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ANZ Bank noted in a recent ASX update that over the year to March, its team of mobile loan writers had grown by 43 per cent.
In NSW, ANZ increased its number of mobile lenders by 50 per cent over the period.
In the 12 months to the half year 2015, the major bank recorded a 28.4 per cent increase in home loan growth from $6.7 billion to $8.6 billion.
Unlike its closest competitors, CBA, NAB and Westpac, ANZ has chosen not to acquire mortgage broker businesses as part of its strategy, instead focusing on building a network of accredited loan writers.
As at March 2015, home loans make up 69 per cent of ANZ’s Australian credit exposure, with corporate and commercial loans accounting for 24 per cent, consumer cards 6 per cent and personal loans 1 per cent.
Victoria remains the bank’s key mortgage market with 29.4 per cent of home loans compared with 27 per cent for NSW and ACT; 17.7 per cent in Queensland; 16.2 per cent in WA and 9.7 per cent in all other states and territories.
Moving forward, ANZ chief executive Mike Smith said that the bank is looking to target areas that will boost profitability.
“This includes a focus on key segments such as home lending and commercial banking in geographies and segments where we are underweight such as New South Wales,” Mr Smith said.
“New Zealand has again performed well following the business simplification program and brand merger, entrenching our position as New Zealand’s leading bank.”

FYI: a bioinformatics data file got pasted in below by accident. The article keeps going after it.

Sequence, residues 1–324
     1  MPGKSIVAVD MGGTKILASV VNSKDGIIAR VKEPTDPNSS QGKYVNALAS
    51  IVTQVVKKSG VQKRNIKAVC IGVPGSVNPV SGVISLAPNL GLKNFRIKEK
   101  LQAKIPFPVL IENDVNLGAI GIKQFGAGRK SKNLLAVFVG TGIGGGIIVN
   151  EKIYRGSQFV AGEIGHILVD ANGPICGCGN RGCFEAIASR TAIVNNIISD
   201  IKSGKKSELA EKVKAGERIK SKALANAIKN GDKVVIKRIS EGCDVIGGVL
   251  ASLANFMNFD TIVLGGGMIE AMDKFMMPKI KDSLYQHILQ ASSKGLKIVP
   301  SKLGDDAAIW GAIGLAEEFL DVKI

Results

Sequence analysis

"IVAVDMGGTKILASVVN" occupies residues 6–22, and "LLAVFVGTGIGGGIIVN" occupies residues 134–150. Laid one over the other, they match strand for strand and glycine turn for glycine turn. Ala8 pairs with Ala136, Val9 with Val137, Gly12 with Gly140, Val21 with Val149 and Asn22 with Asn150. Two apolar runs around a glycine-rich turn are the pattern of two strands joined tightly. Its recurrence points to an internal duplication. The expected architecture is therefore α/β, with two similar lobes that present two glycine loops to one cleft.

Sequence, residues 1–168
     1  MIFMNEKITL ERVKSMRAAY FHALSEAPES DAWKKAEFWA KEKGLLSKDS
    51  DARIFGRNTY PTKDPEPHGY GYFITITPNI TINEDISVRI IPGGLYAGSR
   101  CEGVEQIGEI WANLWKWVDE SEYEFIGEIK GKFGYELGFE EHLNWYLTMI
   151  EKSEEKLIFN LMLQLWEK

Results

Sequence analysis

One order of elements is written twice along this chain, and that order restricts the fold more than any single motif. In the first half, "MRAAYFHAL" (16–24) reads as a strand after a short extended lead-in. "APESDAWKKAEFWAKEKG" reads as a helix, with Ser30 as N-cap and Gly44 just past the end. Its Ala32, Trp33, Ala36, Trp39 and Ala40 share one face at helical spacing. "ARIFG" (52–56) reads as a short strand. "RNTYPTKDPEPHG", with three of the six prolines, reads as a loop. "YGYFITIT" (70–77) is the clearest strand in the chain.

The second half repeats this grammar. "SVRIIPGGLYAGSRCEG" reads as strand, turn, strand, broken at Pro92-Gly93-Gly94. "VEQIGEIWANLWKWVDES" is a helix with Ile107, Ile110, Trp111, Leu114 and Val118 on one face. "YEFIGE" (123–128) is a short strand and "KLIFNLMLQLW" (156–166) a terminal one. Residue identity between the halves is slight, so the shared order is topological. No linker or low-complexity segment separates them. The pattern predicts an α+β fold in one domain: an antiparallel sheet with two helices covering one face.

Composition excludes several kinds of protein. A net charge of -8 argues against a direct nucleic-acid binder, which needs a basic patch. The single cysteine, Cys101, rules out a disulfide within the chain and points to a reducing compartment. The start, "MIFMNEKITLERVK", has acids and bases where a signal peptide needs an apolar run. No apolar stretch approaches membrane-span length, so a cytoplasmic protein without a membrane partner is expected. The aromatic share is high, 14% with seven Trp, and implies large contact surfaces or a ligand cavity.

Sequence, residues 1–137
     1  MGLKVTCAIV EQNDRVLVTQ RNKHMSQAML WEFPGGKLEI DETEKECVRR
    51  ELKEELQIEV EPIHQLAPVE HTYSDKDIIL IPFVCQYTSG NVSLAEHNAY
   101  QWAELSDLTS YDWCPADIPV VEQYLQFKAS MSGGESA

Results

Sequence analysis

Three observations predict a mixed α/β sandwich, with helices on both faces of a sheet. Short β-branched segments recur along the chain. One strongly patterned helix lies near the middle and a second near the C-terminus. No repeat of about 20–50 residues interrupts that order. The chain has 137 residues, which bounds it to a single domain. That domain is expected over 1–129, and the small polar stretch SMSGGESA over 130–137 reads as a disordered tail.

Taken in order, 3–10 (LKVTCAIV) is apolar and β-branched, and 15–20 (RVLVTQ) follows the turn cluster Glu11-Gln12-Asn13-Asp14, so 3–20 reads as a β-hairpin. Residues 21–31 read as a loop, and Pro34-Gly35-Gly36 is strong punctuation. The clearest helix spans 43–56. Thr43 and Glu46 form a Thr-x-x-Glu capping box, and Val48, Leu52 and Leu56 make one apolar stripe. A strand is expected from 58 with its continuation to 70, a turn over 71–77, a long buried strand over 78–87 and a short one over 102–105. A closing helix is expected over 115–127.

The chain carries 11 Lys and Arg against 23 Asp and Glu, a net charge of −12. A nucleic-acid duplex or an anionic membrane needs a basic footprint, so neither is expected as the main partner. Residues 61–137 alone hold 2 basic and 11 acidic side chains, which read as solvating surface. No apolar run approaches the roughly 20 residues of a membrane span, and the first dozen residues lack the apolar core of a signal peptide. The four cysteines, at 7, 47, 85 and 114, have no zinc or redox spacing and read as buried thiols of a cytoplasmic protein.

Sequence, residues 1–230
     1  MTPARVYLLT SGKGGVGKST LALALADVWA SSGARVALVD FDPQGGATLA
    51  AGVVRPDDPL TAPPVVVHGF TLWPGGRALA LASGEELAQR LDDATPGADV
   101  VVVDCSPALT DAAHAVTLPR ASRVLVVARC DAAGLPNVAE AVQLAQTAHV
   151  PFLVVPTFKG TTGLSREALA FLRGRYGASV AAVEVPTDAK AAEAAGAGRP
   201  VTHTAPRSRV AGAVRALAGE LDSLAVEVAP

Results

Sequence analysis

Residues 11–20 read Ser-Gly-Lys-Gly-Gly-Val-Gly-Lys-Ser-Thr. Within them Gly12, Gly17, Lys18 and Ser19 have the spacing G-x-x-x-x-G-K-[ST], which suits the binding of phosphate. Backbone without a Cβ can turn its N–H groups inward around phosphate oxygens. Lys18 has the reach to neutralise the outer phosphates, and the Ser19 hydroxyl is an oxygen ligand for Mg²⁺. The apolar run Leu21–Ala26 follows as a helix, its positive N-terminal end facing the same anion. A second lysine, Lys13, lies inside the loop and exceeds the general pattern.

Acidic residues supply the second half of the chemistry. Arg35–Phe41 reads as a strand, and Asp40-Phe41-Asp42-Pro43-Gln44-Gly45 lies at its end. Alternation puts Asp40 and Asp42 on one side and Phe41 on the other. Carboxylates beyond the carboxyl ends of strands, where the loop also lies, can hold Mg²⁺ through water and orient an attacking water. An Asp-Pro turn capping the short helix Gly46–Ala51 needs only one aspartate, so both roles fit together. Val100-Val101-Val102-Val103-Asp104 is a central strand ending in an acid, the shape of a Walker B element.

In Australia, ANZ recorded an eight per cent profit increase over the year to March, primarily driven by a $225 million (seven per cent) increase in net interest income on the back of strong volume growth and “disciplined deposit pricing” in home loans, cards and small business banking, the group said, adding that this was partially offset by a five per cent increase in operating expenses.
The group posted a cash profit of $3.7 billion, up five per cent from the first half 2014.
Looking to the future, Mr Smith said the group will be operating in a lower growth environment in which there will continue to be “occasional volatility and shocks”.
Nevertheless, the outlook for credit quality remains relatively benign supported by low interest rates, the stimulus of a low oil price and an appreciating US Dollar, he said.